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It's the weekend, but the rules haven't changed

We are still in the state of emergency because of COVID-19. We know the weather is getting warmer and people want to get out of their homes, but what can you do once you step outside the door?


Nova Scotians must practice physical distancing to help reduce the spread of COVID-19. This means limiting your contact with other people and staying 2 metres (6 feet) away from them.


This means… There are to be no non-essential gatherings of more than 5 people.

This means… That neighbourhood children cannot come together inside or outside for playdates, ball games, etc.

This means…. Provincial and municipal parks and beaches are closed. Provincial tourist attractions are closed. Most trails are run by municipalities and community groups. Check whether they are open before you go. Only use trails that you can walk to from your home. You must follow gathering limits and social distancing guidelines on trails.

This means… That only immediate family should be travelling together in vehicles, unless there are exceptional circumstances.

This means… Don’t gather in parking lots to talk to neighbours or friends.

This means … That you should not be accepting visitors to your home. Chat with someone on the phone or internet, but don’t invite them into your house.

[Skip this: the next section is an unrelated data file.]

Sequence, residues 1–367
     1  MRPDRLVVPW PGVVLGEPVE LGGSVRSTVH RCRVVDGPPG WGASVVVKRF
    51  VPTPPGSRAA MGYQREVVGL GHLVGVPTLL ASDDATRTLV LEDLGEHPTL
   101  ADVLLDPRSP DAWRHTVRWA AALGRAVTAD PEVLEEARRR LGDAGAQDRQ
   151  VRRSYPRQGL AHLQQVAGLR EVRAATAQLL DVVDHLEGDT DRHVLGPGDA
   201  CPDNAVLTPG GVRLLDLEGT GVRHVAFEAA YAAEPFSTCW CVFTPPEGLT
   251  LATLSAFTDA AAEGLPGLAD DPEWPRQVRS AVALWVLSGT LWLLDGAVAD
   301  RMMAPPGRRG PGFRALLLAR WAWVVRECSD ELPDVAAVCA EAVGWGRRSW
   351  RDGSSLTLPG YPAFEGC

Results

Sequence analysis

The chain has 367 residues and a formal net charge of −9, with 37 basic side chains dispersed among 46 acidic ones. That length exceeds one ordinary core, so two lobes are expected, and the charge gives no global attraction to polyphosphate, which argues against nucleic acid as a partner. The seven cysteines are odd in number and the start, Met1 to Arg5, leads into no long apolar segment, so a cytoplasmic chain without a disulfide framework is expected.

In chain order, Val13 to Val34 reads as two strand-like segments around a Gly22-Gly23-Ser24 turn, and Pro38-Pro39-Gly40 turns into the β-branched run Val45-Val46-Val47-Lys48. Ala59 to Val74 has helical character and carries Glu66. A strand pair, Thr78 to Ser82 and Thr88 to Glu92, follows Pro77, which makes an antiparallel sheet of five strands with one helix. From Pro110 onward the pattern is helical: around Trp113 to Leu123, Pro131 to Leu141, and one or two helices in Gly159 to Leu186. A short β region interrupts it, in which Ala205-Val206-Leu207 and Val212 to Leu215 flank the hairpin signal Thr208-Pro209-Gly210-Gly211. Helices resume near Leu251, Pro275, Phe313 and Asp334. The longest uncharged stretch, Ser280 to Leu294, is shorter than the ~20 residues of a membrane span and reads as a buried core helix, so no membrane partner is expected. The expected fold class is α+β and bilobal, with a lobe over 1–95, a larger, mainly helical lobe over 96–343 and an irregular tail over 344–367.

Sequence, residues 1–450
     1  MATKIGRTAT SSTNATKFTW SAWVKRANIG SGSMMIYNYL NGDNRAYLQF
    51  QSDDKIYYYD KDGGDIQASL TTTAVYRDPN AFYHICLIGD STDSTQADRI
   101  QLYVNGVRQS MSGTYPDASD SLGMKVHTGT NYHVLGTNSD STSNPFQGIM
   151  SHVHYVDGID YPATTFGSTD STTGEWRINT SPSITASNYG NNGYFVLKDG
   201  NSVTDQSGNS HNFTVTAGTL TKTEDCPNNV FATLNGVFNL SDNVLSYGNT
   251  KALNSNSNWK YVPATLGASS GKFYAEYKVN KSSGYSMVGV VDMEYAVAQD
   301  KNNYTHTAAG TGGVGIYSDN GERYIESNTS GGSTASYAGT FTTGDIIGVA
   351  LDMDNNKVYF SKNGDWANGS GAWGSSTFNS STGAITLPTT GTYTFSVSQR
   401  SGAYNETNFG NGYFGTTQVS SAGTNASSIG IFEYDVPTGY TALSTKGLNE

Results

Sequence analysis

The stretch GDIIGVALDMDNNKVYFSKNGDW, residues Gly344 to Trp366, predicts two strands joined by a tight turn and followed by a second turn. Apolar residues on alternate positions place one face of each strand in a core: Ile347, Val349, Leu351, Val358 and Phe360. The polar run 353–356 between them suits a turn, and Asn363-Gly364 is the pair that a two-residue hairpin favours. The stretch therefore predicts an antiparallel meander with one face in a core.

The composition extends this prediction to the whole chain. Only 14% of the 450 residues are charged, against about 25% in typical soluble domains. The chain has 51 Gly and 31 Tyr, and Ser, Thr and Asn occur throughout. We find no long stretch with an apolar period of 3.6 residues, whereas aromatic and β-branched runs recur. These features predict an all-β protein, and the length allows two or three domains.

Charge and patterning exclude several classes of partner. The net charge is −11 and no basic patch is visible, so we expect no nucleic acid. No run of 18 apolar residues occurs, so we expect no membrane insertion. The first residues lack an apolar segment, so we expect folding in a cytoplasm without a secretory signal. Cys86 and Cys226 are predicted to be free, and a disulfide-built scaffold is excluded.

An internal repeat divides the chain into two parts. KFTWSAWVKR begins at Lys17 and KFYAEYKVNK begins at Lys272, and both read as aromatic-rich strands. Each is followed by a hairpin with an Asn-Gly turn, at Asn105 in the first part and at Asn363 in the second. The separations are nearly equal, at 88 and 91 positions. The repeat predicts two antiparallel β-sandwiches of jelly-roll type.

Limit essential travel to only necessary items and have only one person can go shopping.

This means… Only go to stores for groceries, medications or other essential items. Plan ahead, make a list, and leave as soon as you’re finished.

This means …. You should only leave your home when you need to. If you can, choose one person from your household to do all your shopping and other errands.

If you don’t obey social distancing rules, you risk being fined by police.


Under the state of emergency, police are authorized to enforce orders under the Health Protection Act. If Nova Scotians and businesses do not practice physical distancing and self-isolation, they face fines of $1,000 for individuals and $7,500 for businesses. Multiple fines can be given each day an individual or business fails to comply. Police can also enforce offences under the Emergency Management Act. For example, fines for charging higher than fair market prices for goods and services.


If you’re aware of someone who isn’t following provincial direction, talk to them first – they may need help. If you need to call police, please call a non-emergency number for the police that serve your community. Do not call 911 for these issues.

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